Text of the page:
The main elements we came up with, were:
- The spec is the ultimate truth. If it doesn’t violate the spec, it’s not a bug. If it’s an improvement over the spec, it’s a bug.
- Spending two years writing documentation, but not a single line of code.
- Release every 12-18 months, if you’re lucky enough your project didn’t fail.
- Just get it right from the start.
- Silos instead of small iterations.
- Wrapping all of this up in a a methodology with 1000 process steps. It doesn’t work, but as a product it does sell.
While that is a great start and we were getting short on time, it also feels very limited to me. Even though I did work in quite a waterfall way the first six-ish years of my career, those memories feel far away and I have trouble imagining myself back in such an environment. And I suspect the same applies to the other participants.
It makes me wonder how people who have never experienced those waterfall days, interpret the Agile Manifesto. If you don’t realize that people used to write several layers of design documents (architecture, functional design, technical design) before writing a single line of code, how will you make sense of “Working software over comprehensive documentation”? Does it make all documentation suspect? If you’ve never been part of a Pert or Gantt chart spanning at least nine months, what do you make of “Responding to change over following a plan”? Is all planning a waste of time?
Where to take Context of Agile?
In the final five minutes of the session, I asked the participants what they think I should do with my Context of Agile site. Right now it’s a collection of resources about the history of Agile. Is that useful? Should it be something else? (If you read this and have an answer to any of these questions, I’d be very curious to hear them.)
To illustrate the (to me) lack of success of the site, I also shared the site’s statistics of the last 12 months:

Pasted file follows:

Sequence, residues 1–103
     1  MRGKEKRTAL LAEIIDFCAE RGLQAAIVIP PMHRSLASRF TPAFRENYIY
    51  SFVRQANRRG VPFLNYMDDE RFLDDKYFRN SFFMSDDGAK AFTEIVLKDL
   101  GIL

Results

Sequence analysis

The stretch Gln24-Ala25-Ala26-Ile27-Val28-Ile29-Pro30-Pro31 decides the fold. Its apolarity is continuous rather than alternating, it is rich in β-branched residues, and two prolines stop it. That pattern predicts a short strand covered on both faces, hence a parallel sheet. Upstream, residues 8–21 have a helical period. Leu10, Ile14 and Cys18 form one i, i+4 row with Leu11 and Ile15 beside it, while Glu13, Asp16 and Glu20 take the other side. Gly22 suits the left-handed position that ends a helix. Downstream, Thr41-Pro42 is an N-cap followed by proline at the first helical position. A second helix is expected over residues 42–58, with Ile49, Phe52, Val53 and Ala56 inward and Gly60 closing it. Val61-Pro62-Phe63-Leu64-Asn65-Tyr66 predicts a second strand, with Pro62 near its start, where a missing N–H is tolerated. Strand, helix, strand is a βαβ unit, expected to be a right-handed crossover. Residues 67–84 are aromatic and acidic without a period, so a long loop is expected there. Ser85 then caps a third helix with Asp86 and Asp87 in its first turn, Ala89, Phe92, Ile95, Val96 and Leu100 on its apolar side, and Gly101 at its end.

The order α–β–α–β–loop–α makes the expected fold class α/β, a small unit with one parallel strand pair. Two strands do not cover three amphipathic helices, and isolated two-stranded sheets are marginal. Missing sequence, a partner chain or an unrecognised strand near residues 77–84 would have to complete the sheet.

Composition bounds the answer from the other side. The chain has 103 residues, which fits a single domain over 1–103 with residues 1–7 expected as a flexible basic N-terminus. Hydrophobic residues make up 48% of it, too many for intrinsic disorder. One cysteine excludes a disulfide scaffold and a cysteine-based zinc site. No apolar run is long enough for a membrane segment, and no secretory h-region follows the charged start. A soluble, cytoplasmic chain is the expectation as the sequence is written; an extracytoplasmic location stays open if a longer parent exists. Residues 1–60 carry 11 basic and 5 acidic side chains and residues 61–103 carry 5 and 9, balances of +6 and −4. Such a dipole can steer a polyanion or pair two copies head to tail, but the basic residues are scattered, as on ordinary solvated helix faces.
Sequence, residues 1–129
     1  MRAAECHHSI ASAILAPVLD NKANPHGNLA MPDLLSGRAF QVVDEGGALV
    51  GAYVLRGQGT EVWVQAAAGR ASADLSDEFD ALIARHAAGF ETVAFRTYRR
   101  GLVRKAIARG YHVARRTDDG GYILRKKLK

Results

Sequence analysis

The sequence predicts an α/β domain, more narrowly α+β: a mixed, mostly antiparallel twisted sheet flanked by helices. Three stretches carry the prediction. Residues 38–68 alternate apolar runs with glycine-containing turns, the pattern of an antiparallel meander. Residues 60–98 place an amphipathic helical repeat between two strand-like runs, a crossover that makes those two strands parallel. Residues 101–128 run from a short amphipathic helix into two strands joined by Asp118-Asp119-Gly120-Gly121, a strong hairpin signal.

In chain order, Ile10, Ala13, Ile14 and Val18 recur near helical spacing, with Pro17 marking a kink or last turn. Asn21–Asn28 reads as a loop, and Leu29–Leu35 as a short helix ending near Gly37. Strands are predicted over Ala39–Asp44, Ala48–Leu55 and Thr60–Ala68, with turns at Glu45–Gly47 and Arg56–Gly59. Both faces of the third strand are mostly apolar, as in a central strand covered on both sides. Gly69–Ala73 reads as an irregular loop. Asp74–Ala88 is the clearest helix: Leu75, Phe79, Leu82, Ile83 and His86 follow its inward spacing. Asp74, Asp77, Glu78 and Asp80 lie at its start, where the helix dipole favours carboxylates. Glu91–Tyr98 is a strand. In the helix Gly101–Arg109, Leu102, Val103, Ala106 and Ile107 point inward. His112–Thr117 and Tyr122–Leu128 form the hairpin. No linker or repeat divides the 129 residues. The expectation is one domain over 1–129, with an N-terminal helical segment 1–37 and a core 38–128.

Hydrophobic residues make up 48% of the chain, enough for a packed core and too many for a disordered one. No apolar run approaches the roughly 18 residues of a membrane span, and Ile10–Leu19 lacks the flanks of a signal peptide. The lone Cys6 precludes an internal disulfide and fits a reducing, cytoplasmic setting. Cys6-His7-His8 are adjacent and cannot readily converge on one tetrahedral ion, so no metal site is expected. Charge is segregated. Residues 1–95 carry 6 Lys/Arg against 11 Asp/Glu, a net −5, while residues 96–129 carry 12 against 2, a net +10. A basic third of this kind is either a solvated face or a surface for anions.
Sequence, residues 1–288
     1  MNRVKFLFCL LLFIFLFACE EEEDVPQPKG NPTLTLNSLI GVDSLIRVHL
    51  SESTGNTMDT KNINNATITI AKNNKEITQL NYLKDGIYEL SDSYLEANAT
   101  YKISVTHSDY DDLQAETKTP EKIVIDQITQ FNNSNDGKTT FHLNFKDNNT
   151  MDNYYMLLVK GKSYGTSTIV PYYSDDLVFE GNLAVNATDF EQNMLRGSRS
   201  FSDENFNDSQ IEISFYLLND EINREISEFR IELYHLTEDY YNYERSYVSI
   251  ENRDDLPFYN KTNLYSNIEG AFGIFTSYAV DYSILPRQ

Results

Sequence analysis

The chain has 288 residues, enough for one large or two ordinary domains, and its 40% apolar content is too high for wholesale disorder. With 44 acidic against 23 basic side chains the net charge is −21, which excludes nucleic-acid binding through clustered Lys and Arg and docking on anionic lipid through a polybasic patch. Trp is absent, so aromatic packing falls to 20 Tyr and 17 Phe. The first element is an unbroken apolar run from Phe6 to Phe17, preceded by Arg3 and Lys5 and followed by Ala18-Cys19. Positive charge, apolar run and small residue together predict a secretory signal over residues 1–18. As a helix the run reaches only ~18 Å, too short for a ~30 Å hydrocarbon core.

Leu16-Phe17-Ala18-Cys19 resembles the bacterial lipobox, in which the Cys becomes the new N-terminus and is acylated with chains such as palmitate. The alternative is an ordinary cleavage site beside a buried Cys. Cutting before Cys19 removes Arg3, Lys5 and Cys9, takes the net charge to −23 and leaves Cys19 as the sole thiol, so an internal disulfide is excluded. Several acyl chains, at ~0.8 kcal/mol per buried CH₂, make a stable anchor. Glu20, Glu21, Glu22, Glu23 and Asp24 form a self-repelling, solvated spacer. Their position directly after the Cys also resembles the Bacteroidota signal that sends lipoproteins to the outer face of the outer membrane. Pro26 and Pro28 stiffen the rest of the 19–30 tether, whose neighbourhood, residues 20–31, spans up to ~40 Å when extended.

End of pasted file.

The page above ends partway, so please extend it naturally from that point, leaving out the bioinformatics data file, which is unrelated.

What is the purpose of the site?
The main question I had in my head was: “What do you want this site to be?” but that was turned quite quickly in a question to me: “What is the purpose of the site? Is it a historical archive? Something else? How could this be of interest to academics?”
The most helpful comment was probably: “It’s for nerds like us.” Fair comment.
Writing history is defining history
Someone pointed out that writing history is defining history. More people were invited to the Agile Manifesto meeting than the ones that ended up joining. And some people who could have been invited, weren’t - if only because the organizers didn’t know of their existence.
So for a site like Context of Agile, there’s a real risk of instead of giving a proper view of history, it amplifies the narrative that the whole history of Agile is nothing more than the Agile Manifesto, Scrum, and a bit of XP.
Does the history matter?
For the site to matter, the history of Agile needs to matter. To be honest, I don’t understand how it could not matter. We should have better sources than the existing folklore. People should be less wrong about Agile’s history. We should look at the Agile Manifesto more as a historical event and less as something that came down from the heavens.
Until how recent is history?
One of the participants asked the excellent question: “Until how recent does history go?” Which led me to reply: “I’m ready for Agile to end.” Agile means too many different things to too many different people. It’s time to let it go. And perhaps - hopefully - a better understanding of the history of Agile can help us doing so.
This order is not alphabetically, so I wonder how it was chosen. ↩
Less than a year ago I did read Jim Highsmith’s “Agile Software Development Ecosystems”, which includes chapters on all of the represented methodologies except for Pragmatic Programming. (It also has a chapter on Lean Development.) I suppose that just shows the difference between reading a book and retaining what was in it. ↩